To ‘Sir’ with Love

It was 6 o’clock on the dot when I took my place at the rear of the tremendous line that snaked its way up Greene Street in Soho, past the Jimmy Choo and David Yurman and disappeared around the block on Prince Street. While the poor souls at the back of the line drew their coats closer for warmth, those at the front appeared to sun themselves in the expensive glow of the Taschen book store, where the blown-up image of an enormous white denim bulge gripped by a ring-clad hand implausibly dominated the storefront window.

Despite the velvet ropes, black Range Rovers parked squatly out front, and the occasional supermodel milling about, Taschen had not metamorphosed into the newest fixture of downtown nightlife. What, then, could have impelled this young and mostly male crowd — who appeared to take their overwhelming chicness seriously — to don their Gucci and shiver for hours outside a SoHo bookstore? As it turns out, the photo of the crotch in the storefront window was the work of Mario Testino — Peruvian prince of fashion photography and darling of the haut monde of haute couture — who had come to sign copies of ‘Sir,’ his newly re-released volume of photos documenting the mercurial role of the Male in fashion from the 1980’s to today.

At $69, ‘Sir’ almost feels like a bargain given its size — it is a massive flagstone of a book that could substitute for a new coffee table once yours inevitably gives way under the weight of its 200-odd glossy pages. That said, it is an objet d’art in itself; with its gold leaf pages and matte finish, I will admit to feeling the same thrill of delight that accompanies purchasing a new Macbook or pair of designer shoes — the frissons of ownership that is the true currency that Testino (and the rest of the fashion world) trades in. Well done, Taschen editors.

And what of Testino’s photos? Well naturally, like the men who are their subjects, they are sundry and all wholly alluring. He explores men in their every imaginable state — of undress, of celebrity, of mood, of physique, of masculinity — and nimbly (if randomly) slides up and down and across these scales with the turn of every page. Colin Firth captured just before delivering the punch line to a smiling Matthew Morrison, gesticulating elegantly in a jacquard smoking jacket comes just before an image of a group of anonymous Brazilian youths, all jeans and sinewy torsos and full lips, staring broodingly into the lens. The book is full of these improbable juxtapositions — Orlando Bloom planting a kiss on a beaming David Beckham, followed by a stoic portrait of a native Peruvian man in traditional Chayhuatire dress — as Testino careens from cultural moment to cultural moment, capturing men in a rich multiplicity of iterations and contexts.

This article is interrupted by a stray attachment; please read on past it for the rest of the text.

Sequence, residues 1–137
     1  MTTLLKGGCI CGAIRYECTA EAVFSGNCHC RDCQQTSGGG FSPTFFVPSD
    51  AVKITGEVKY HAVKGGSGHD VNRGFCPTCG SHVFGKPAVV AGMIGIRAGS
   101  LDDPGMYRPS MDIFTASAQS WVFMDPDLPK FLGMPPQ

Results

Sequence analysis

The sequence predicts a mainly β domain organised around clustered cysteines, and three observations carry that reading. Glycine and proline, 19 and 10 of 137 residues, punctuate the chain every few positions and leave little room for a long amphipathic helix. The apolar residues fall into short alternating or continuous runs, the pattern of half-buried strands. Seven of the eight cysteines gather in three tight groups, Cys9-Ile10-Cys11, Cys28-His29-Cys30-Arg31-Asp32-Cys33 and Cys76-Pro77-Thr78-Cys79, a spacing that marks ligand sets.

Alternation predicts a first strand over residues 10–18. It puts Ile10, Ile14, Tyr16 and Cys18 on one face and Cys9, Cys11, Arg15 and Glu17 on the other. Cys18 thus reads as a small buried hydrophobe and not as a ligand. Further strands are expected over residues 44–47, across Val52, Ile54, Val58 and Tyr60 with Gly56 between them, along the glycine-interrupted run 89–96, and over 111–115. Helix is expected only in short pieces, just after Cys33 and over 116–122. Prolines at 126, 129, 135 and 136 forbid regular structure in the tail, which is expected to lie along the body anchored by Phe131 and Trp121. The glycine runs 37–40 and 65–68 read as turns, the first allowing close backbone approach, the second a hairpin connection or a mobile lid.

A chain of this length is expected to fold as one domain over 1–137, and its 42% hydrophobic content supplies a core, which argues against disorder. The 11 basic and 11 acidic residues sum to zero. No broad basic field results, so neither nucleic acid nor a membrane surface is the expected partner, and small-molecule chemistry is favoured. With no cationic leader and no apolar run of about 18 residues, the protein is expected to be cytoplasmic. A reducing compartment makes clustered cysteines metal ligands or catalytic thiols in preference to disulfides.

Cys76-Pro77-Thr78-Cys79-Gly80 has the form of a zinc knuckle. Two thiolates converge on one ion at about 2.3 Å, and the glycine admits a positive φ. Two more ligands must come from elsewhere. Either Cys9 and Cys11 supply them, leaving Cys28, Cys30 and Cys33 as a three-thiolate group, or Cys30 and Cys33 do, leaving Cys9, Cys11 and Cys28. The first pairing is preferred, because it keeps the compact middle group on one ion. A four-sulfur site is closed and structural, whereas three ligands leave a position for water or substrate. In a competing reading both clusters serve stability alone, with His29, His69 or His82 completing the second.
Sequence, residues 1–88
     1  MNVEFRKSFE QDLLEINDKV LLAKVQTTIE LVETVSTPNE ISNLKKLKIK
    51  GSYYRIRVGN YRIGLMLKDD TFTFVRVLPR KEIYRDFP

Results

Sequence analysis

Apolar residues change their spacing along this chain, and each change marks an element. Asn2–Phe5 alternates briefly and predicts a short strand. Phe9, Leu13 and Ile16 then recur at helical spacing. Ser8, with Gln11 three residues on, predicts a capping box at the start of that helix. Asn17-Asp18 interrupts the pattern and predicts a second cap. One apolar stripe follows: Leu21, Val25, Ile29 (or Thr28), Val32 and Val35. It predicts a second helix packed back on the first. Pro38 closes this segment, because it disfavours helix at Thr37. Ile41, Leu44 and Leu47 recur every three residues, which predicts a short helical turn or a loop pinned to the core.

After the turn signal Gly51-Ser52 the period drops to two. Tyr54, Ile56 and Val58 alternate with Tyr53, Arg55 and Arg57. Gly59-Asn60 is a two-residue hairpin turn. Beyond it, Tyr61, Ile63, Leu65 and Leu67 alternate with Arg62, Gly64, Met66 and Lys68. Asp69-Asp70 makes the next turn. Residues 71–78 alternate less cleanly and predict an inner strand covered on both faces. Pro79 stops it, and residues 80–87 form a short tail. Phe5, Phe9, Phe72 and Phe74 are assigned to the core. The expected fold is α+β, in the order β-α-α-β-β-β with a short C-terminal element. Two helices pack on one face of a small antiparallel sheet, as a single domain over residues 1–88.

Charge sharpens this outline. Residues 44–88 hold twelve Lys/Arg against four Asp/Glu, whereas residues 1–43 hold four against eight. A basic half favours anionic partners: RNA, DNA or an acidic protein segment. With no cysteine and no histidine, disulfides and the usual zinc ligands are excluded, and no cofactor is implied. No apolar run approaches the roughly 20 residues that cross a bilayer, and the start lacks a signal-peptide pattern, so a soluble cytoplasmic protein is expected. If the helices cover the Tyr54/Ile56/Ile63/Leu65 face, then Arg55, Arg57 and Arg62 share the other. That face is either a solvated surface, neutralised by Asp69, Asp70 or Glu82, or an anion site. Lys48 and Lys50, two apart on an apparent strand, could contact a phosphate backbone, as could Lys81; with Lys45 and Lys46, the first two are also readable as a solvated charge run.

Does Testino succeed in distilling an answer to the question “what is it to be male?” Can we step back from his pointilist rendering of masculinity to see a bigger picture? If there is indeed a bigger picture, flesh tones are its dominant pallette, for it would seem that clothing is not, in fact, a necessary condition for fashion photography. In one photo, supermodel David Gandy emerges from an ocean, bronzed and glistening, jagged rock formations in the background suggest that he is somewhere remote and impossibly expensive. The only visible clothing is a miniscule white speedo slung low across his hips doing its utmost to prevent Gandy’s manhood from spilling onto the dock before him. The image is noticeably devoid of logos and taglines, relying on more implicit indices of desirability to convince us that we desperately need what Testino creates. Exotic islands and beautiful clothes are important, but Testino’s central subject is the body, for what is a better token of maleness than the physical body, stripped of clothes and the complicating iconographies of class and gender. From this enfilade of Berninesque physiques contorting, reclining, slinking, and cavorting like nymphs across the pages of ‘Sir,’ Testino distills a vital, tensile, uniquely male eroticism. This is the true power of Testino’s images, which infuses the clothes and name of any designer lucky enough to be featured in his photos with the same irresistibility that translates directly into sales revenue.

It is safe to say that one romps through ‘Sir,’ devouring the images like visual candy because something in them is so, well, devourable. They are cinematic and sumptuous, fatuously tasteful and tastefully fatuous. He worships beauty and celebrity with ecclesiastical zeal, and reading ‘Sir’ constitutes a baptism from which we emerge as wholly willing initiates. He is the architect of a world most people would gladly lop off an arm to penetrate and after reading ‘Sir,’ you will undoubtedly roll up your sleeve and offer up the other.